Nautical Tourism Awards 2023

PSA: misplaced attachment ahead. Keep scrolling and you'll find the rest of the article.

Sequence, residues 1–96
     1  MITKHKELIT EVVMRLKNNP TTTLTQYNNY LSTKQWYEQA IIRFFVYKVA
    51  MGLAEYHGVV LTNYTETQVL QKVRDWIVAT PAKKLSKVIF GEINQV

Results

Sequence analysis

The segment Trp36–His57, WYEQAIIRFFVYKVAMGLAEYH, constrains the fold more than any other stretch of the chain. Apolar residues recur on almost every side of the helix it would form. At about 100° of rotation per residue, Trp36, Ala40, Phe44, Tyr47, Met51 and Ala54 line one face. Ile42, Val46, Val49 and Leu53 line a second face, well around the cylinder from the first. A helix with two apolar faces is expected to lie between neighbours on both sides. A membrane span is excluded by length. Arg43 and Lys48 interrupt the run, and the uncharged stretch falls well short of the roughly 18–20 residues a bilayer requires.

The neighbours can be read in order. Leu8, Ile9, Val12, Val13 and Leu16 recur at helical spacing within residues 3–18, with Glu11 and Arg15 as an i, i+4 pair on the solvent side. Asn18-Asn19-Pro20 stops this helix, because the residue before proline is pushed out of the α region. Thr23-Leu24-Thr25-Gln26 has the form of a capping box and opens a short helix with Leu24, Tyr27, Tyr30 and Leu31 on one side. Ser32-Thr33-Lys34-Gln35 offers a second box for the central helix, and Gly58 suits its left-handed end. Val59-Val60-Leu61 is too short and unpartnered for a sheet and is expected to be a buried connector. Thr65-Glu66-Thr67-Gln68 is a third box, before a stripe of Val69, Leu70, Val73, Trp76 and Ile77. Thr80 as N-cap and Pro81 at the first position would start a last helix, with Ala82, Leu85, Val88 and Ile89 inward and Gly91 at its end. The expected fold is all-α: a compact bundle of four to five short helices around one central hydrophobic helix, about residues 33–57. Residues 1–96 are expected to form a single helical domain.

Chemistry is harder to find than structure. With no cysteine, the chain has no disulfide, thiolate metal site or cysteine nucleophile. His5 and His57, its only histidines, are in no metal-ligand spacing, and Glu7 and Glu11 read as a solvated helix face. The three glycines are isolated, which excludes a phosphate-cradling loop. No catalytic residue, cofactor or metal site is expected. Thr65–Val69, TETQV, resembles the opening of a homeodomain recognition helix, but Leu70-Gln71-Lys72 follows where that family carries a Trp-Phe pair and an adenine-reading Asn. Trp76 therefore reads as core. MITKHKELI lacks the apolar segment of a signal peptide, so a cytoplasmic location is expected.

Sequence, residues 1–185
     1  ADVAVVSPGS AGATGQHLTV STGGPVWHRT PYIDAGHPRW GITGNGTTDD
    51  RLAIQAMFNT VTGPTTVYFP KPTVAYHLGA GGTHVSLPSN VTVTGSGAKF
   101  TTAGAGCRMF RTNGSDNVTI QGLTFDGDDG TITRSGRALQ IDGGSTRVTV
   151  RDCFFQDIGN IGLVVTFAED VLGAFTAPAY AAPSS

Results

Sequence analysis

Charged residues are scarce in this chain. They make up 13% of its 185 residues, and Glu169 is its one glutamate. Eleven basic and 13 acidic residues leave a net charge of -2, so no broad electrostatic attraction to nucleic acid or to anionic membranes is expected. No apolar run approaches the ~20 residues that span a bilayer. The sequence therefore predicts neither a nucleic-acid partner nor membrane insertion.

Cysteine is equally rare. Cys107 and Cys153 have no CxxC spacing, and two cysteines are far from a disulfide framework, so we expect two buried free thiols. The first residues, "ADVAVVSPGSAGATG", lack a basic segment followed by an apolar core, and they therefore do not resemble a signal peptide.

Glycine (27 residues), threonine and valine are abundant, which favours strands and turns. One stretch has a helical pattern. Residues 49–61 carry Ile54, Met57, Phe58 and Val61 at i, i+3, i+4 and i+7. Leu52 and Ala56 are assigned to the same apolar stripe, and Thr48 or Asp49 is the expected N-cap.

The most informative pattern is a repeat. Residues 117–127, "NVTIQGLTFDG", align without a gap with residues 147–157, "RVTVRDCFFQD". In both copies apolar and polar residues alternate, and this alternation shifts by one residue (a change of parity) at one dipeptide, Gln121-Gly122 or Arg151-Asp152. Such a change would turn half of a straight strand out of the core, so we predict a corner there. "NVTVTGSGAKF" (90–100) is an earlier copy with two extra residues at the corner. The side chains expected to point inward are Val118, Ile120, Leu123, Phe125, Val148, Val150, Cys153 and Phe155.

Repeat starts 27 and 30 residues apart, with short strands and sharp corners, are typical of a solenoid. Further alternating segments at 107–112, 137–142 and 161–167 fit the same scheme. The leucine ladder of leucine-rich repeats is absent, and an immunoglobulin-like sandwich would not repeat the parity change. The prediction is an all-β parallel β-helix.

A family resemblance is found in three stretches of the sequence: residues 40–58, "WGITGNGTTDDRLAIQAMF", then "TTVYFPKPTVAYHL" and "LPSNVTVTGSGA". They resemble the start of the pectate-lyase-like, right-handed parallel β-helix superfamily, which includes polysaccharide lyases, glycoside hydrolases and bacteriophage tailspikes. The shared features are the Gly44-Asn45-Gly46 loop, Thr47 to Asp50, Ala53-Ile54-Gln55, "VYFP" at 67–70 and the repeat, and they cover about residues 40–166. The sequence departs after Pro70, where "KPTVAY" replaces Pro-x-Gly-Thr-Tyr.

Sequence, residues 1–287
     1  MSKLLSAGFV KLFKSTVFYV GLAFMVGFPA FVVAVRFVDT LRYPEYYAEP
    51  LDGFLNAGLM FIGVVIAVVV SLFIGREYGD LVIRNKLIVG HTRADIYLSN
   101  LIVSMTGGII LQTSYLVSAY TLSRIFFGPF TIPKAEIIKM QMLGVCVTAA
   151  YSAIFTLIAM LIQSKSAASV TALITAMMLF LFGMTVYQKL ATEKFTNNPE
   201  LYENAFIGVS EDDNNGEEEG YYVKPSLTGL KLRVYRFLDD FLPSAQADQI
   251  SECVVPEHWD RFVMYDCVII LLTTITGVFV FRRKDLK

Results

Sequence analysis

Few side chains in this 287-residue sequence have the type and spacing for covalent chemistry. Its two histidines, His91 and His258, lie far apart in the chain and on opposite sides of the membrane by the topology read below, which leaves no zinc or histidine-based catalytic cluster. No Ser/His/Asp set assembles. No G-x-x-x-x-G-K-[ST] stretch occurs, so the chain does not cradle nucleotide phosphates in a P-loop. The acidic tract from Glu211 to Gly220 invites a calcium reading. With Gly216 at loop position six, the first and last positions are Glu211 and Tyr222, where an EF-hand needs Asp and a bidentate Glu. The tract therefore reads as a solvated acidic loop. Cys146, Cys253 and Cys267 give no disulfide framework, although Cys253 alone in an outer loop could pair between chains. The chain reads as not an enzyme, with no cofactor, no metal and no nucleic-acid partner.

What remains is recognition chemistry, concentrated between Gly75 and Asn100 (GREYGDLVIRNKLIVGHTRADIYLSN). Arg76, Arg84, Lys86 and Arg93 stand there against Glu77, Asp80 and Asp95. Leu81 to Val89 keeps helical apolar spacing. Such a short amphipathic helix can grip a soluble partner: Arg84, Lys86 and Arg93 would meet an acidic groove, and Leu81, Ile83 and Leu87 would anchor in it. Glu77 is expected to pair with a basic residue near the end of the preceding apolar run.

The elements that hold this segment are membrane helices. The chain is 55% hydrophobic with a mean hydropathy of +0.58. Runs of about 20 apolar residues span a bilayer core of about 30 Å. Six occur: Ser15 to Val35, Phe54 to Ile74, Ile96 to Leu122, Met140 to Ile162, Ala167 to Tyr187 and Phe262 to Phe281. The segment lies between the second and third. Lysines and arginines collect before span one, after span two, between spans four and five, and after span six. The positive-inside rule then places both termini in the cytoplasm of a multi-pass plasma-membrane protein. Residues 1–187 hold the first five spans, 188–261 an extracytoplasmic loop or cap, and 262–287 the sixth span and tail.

Jun22596 4 | LUXlife Magazine The Royal Hamilton Amateur Dinghy Club was formed with Joseph Trimingham as the first Commodore, and it is likely that the club’s early meetings were held in his home. Originally established as a gentlemen’s lunch club, sailing was just one of the events that the group partook in, with the others being tennis, snooker, and social events. When the club garnered its royal title in 1883, a unique white flag was designed in the traditional style of British yachting clubs of the period, with this being curated specifically for Royal Hamilton’s exclusive use. In 1890, a mere seven years after receiving this honour, legislation was changed regarding governing titles, and it was decided that this privilege would be given only to remaining monarchs. As such, the royal moniker was unfortunately dropped. At the same time, however, memberships were extended to include a social club, and the members set about finding a suitable clubhouse. March of that year saw some rooms taken over on the second floor of a house on the corner of Reid and Queen Street in the Hamilton area, thus birthing the first Royal Hamilton Amateur Dinghy Club clubhouse. 1896 saw “Amateur” dropped from the title of the club, and the name Hamilton Dinghy Club stuck until 1953. Along with this change, a new logo was curated along with a corresponding burgee, which saw the adoption of the red ensign of the monarch service complete with a gold anchor and the letters HDC etched underneath. In 1946, the decision was made to again reach out to the British royal family, with the purpose of confirmation for the grant that was received by H.R. H. Princess Louise back in 1883. Oct23382 Best Local Yacht & Dinghy Club 2023 - Bermuda Royal Hamilton Amateur Dinghy Club’s impressive history dates back to 1882, where it was established following the successes of the Fitted Dinghy races that were held by the Hamilton school and headmaster Charles E. Clay. The only dinghy sailing club in the world to have the title “Royal” bestowed upon in it, this remarkable achievement occurred the following year in 1883, when H. R. H. Princess Louise, Marchioness of Lorne, was holidaying in Bermuda for the winter. Since 1964, the club has occupied “Mangroville”, where it boasts a clubhouse that is used for an array of functions, a beautiful marina which stretches out into the ocean and is home to some magnificent vessels, as well as boat storage and car parking. We catch up with Cassius Fevriere, to find out more about the club’s illustrious history and what membership entails. Confirmation would officially be received in 1953, shortly after Queen Elizabeth II was crowned, and on June 4th that year, a ceremony was held at the Hamilton clubhouse premises, whereby the Governor, Lt. Gen. Sir Alexander Hood, G.B.E., C.B., K.C.B., C.B., K.C.V.O., officiated and restored the prestigious royal title to the club, once again making it the world’s only royal dinghy club. In 1954, the name was again changed, officially christening it “The Royal Hamilton Amateur Dinghy Club”, representing things coming full circle for the club, more than 60 years after it first opened its doors. With this prestigious history to boot, the social club today serves members across Bermuda’s communities, and as such, its membership ranges from children to adults, and appeals particularly to sailors of all ages and experience levels. Its membership is based on current members recruiting their family and friends, and taking advantage of the excellent sailing classes that are offered all year round at the club and marina. To this end, the club has made it its mission to encourage and promote Bermuda Fitted Dinghy racing in the area. This mission also extends to the encouragement and promotion of all other sailing and boating activities in a safe and professional manner, with the same going for the use of the wider marina facilities for all berth owners and renters, providing social and recreational amenities for members that are of the highest calibre. All of this starts with the team at the club, who, as Cassius describes, “are the heartbeat of the business.” The sailing programmes offered for children and adults by